Bob Arnold is one of my favorite poets, at least in part because his poems (like those of Cid Corman) provide no fodder for PhD candidates. He writes to capture moments of heightened consciousness as they arise, and it’s pretty clear we need more of those. You won’t find them on the Sunday talk shows or in the dusty pages of Foreign Affairs. They arrive almost always in poetry. In Arnold’s poetry, they arrive without fanfare, without symbolic sub- or super-structures.
Karl Shapiro somewhere talks about visiting Iran as a cultural ambassador sometime in the 1960s, I think, and after reading some poems by William Carlos Williams the gathered scholars came up to him and asked, “Are those things poems?” Of course they were, but of a kind some readers can’t recognize because they’ve been taught that poems exist to be decoded.
( bless him )
You can’t decode it, can you? It’s Bob Arnold’s moment passed along to us intact, all the necessary critical commentary nestled between parentheses in the middle.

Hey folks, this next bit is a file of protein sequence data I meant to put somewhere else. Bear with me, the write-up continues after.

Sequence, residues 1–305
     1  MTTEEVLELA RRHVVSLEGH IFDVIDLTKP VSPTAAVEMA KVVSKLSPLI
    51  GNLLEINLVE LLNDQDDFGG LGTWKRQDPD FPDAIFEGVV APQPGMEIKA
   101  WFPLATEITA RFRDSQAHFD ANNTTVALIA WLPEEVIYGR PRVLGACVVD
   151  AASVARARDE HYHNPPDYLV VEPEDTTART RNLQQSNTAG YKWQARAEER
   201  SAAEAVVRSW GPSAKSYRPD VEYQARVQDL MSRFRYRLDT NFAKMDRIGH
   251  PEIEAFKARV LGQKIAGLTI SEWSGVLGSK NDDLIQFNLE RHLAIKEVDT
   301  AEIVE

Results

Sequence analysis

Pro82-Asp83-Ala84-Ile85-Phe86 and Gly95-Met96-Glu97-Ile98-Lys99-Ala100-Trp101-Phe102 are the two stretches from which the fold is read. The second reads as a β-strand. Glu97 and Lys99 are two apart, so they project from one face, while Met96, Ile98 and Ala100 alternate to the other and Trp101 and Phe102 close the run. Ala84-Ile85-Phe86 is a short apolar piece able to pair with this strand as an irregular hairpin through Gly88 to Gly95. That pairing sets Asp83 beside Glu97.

“Men’s Room” is an example of Arnold the minimalist, but he doesn’t restricted himself to brief lyrics. Some of his poems embrace narrative—though again in a very direct way. Take “Uncle,” for example:
I see his face—
it can’t be helped
because he sees every
face who sees his face
and this concerns him
the sexual predator
as he comes into the
restaurant and good-uncle-
like chats with the prettiest
girl at the cash register,
barely 15, willowy and the
reason he is here, her face not
at all developed or trained—
she shows crushing boredom
grimace with genuine sparkle
if given the chance, a breakthrough
which she allows the predator
sensing him as an uncle
and when she drops her eyes
and he lifts his, dripping
over all of her, a split second is
all, I can’t tell you how much the
blade of a shadow makes me cold
The public intimacy of the unperceived threat—gorgeous and chilling at once.
Beautiful Days is chock full of moments like these. Moments we all recognize but never think to save and which therefore pass from our lives remarked. Luckily, Bob Arnold is there to remind us that everyday life, though it passes (in part because it passes), is remarkable. Bless him.